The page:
He spoke on the Irish question, and said he considered it was not influencing American opinion against us. I said, "There has been considerable misunderstanding has there not?" His reply was, "It's all misunderstanding with the Irish, but murder and outrage is not going to do any good." The Press according to him, is the chief culprit. It is responsible for nine-tenths of the trouble and every little rub is exaggerated to make an effective head-line! "Take it from me, they want to sell their papers."

There is a certain simplicity about Lauder's whole personality — the sort of dear big child feeling which is very winning.

He was recently knighted, and a story is told of him that he expected to receive the honor alone. He turned up in kilts for the ceremony and then found he had to line up and wait. "Fancy being knighted in a margarine queue!... they were an awful solemn lot of men too.... and I did so wish someone would make a joke!" However it passed off quite successfully, and the king shook hands with Lauder and told him what a good fellow he thought him!

It was deserved, too — for if ever there was a hero, this little man with the bald head and the spectacles is one. He lost his only beloved boy in the War, and the evening the news came through it was as if he heard the lad's voice ringing out, "Carry on, Dad..." He did. He went on with the job, and continued to make people rock with laughter and forget their own troubles in his mirth.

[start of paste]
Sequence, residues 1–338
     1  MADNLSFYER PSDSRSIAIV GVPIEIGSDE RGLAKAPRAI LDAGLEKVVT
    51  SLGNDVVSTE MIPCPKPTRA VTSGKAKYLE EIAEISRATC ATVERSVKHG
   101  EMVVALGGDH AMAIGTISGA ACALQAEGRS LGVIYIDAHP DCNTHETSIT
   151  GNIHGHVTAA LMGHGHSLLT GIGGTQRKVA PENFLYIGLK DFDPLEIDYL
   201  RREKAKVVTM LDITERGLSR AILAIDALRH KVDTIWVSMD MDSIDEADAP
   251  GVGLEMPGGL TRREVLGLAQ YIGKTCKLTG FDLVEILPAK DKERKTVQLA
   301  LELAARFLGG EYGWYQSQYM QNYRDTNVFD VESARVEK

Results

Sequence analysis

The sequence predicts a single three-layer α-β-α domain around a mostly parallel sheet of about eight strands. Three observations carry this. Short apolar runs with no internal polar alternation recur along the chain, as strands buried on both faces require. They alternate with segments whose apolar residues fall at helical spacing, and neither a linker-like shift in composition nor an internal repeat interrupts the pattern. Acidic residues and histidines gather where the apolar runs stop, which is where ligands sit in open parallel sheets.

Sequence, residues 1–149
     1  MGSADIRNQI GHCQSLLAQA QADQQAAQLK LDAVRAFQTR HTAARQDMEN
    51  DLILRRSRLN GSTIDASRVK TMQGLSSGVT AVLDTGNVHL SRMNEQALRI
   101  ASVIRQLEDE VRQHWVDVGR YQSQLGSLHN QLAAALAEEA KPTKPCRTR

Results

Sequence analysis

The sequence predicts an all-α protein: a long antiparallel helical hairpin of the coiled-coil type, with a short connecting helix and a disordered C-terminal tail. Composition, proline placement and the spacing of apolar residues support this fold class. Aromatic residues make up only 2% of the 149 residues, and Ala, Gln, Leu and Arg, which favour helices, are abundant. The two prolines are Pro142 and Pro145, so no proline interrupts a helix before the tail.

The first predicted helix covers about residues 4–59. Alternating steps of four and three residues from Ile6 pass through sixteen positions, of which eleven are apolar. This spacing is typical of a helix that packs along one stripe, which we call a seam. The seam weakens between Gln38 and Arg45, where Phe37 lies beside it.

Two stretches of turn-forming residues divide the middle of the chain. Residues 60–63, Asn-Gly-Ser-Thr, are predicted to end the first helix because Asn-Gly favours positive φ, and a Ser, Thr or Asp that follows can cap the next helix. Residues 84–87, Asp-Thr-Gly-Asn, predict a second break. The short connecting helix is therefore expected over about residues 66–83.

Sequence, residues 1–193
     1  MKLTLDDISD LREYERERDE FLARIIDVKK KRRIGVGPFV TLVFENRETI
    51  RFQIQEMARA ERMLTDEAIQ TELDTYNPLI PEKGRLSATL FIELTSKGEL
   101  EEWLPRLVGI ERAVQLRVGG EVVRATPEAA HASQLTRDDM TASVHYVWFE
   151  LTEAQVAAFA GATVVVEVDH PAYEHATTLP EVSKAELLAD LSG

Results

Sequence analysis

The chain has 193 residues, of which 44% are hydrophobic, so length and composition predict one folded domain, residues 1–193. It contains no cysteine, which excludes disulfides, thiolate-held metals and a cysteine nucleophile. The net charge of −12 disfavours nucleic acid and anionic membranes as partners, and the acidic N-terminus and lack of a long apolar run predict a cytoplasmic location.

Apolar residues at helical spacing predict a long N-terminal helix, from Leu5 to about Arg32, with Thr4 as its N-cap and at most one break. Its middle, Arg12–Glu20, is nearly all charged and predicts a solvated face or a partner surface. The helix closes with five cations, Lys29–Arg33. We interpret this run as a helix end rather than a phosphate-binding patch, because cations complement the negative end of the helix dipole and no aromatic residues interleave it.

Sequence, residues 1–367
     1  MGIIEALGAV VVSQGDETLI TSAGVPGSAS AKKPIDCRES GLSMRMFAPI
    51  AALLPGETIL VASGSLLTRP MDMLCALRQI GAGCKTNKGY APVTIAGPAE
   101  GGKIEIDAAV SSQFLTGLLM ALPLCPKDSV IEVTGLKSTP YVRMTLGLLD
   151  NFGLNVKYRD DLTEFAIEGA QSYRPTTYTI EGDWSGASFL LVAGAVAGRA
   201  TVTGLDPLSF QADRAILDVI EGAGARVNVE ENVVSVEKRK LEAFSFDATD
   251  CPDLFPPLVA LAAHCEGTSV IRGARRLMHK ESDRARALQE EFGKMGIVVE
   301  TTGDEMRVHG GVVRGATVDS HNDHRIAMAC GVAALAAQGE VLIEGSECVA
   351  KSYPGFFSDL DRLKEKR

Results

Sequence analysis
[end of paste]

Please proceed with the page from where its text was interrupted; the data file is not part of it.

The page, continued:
It was a hero's act.

The strain at the time nearly broke him, but he came through, and the sorrow has deepened his art as sorrow alone can. It is the essence of this human touch, so simple yet so elusive.

He told me, "the older I get, the more convinced I feel that this life is but the beginning of things — that sympathy, attraction, appreciation — every form of expression will endure."

One feels the quality of this thought about his work, for Harry Lauder is not one of these comedians who vary their style according to their audience. He is always clean and healthy, and his humor has a touch or idealism about it, which somehow doesn't detract from it, as one might imagine idealism would!